Travelling in South East Asia, moving to Korea, teaching, living alone in a foreign country, starting a blog and exposing my thoughts to the virtual world… I always strive to do things beyond my personal realms of comfort. And this week is no different, with the latest edition of nerve-creating activities being the purchase of a scooter!
Everyday in Korea I do something that scares me, whether intentionally or not. Every morning before I step into my first classroom, before I utter my first ‘good morning class,’ butterflies flutter hard and I think ‘oh crap I am actually doing this.’ This element of fear in my daily ‘routine’ is a huge buzz and forces me to push myself every day. Not only do I have to stand in front of 70 innocent Korean eyes, but also I have to attempt to teach, and hopefully, entertain them for a full 45 minutes. One year ago I could barely give a presentation without breaking down in puddles of sweat. Now this is my ‘norm.’
Living in a foreign country naturally presents more opportunities to face daily fears, whether its upon seeking them or just happening to chance upon them. For example: you’re hungry, there’s no McDonald’s, no Mcdelivery, only Korean restaurants, with Korean food, written in Korean hangeul (not that I frequent mcdonalds but it’s one of the places that guarantees an English menu). Whether you like it or not, if you’re hungry, you’re going to be challenged. The first challenge is placing an order, for anything, successfully. The second being that you order the thing you think you’ve ordered. The third being it arrives and you actually want to eat it. Even this basic need for survival may be a challenge. But even beyond these unavoidable opportunities of ‘aaaaaaah’ I like to seek out other possibilities Korea offers for further discomfort. In the hope tackling these scary things might, as Miss Aguilera once sang, make me stronger and actually be fun! Hence the scooter.
Two years ago a scooter purchase had never flashed up on my life radar. The roads in England are not friends to those on 2 motorised-wheels and neither is the bitingly cold climate. Then a year and a half ago I exchanged bleak Britain for sunny Asia, and suddenly scooters were on my life radar. Destination 1 was Thailand, a country in which it’s difficult to not be woo-ed by the paradisaical dream of cruising along the palm tree-studded street heading for a glowing sunset, with a warm breeze nuzzling against your cheeks. I was woo-ed and I fell for that dream. Then I fell off. And I missed the sunset. And the trees. Its difficult to really see anything really when you’re sprawled across a pavement of gravel. However, it did leave me (physically) scarred, a constant reminder that I tried. Yes I tried and failed. But failing at something that scares you is insurmountably more powerful than failing to try something at all. Four months later I glanced down at my scar, took a deep breath and got back on the proverbial horse. I took it slow, and steady, definitely not hoping to win any race. Although I definitely felt like a winner when I completed a day with no additional scars. And loved every second! Then a year later another opportunity came around. I was in Taiwan. Alone. And I did it. I rode another day. (Read about it here… )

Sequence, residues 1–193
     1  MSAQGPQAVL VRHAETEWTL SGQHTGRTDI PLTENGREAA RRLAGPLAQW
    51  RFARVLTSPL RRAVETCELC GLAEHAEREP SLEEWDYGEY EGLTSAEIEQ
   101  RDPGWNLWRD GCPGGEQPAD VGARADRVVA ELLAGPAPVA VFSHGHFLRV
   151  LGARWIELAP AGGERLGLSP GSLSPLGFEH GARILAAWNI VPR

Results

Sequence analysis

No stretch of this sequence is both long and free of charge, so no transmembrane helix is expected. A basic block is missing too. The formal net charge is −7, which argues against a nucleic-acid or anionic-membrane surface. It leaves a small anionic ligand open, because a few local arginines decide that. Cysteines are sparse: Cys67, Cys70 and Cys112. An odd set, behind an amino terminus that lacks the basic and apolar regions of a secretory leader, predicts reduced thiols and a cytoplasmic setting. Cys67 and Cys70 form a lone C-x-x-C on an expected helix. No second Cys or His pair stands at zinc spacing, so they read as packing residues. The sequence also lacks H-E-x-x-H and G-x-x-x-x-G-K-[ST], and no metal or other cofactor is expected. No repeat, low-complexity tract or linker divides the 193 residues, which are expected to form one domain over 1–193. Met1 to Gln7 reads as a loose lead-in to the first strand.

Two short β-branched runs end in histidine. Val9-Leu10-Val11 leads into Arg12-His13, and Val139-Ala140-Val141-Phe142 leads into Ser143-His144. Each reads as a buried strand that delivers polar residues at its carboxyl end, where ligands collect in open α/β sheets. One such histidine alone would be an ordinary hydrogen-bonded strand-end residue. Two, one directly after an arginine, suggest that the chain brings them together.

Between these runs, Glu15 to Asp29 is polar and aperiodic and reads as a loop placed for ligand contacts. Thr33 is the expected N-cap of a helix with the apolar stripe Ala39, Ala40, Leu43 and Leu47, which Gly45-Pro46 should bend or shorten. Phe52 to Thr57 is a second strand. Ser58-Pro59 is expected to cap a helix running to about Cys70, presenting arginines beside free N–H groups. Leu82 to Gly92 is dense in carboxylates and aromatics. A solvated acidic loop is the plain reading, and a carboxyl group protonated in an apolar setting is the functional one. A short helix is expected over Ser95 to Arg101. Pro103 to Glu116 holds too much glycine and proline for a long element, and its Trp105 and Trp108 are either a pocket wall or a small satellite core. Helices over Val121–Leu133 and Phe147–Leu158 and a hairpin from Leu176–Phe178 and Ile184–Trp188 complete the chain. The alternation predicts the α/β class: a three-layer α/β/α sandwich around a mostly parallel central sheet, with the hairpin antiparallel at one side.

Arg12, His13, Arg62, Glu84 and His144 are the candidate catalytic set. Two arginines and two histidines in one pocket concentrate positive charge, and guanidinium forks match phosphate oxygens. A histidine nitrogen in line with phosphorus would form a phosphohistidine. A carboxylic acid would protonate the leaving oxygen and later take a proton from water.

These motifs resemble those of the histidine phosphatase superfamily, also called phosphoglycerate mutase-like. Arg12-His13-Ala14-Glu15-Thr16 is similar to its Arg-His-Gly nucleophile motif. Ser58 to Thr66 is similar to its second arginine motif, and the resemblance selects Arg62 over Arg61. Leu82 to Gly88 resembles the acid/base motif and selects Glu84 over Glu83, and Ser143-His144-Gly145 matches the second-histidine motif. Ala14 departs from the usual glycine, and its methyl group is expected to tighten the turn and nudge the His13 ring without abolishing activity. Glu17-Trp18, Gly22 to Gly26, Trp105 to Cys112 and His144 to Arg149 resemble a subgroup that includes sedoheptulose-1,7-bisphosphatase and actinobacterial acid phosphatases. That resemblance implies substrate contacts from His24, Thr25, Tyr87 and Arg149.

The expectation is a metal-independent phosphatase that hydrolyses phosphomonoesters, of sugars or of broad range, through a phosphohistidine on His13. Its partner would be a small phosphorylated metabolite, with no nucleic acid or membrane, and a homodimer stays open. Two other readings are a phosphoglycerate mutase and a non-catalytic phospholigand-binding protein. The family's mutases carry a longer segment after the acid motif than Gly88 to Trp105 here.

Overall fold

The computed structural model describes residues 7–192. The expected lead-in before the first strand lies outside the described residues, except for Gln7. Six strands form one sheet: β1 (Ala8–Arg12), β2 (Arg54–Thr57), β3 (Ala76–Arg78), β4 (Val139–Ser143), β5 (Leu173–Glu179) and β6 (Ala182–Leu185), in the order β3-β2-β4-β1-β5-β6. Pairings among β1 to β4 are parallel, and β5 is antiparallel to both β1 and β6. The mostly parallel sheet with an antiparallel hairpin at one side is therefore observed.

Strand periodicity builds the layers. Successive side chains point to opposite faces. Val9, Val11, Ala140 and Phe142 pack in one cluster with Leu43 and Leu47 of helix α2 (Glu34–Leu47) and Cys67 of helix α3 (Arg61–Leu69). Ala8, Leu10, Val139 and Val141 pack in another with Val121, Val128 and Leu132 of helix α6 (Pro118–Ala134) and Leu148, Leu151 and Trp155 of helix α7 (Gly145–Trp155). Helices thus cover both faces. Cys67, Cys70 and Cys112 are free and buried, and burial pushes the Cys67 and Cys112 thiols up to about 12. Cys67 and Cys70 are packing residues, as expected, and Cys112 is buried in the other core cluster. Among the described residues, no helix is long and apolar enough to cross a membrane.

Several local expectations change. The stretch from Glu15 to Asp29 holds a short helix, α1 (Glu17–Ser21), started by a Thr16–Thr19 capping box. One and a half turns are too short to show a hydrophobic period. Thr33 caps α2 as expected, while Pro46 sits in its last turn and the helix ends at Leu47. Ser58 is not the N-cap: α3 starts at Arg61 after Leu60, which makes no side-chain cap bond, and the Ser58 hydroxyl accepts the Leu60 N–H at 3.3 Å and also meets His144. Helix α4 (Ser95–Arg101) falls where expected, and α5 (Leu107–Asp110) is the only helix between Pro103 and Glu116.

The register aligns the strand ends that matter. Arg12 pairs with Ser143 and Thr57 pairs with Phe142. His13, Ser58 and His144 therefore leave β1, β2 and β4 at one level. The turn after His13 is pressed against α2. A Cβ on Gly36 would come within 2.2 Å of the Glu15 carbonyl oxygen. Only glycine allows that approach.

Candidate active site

This purchase was a particularly scary thing for me. Almost like a months worth of nervous restaurant orders and pre-class jitters roled into one big ball of anxiousness. Those nerves are the explanation for my months of summer sunshine spent envying friends, strangers and most commonly, delivery drivers (and not because of their edible load), zipping down the streets, on their two wheels of adventure. It took a second trip to Taiwan, not for the trip itself, but the scooter-riding opportunity, to seal that doubt in my driving ability. Once it was sealed I was ready to make the move from two feet to two wheels.
After a few weeks of searching I chanced upon one right here in Gimhae, so I did it, I handed over 300,000 for the 125cc bundle of metal that is a new way to scare myself each day, and finally my access to independence in Korea! I’m not yet on the road, due to a minor complication of my boyfriend flying my licence back to Australia with him… (He’s obviously not too sure of me driving among the precarious nature of Koreans in their vehicles)… But once those papers are back in my hands, the registered name will be mine, I’ll be insured against any adventurous jay-walking ajummas and a new bundle of butterflies will be released to yet again push me beyond that zone of comfort I don’t feel welcome in for too long… A whole new set of Korean adventures await…
Have you taken a scooter to the streets of Asia? Let me in on your stories…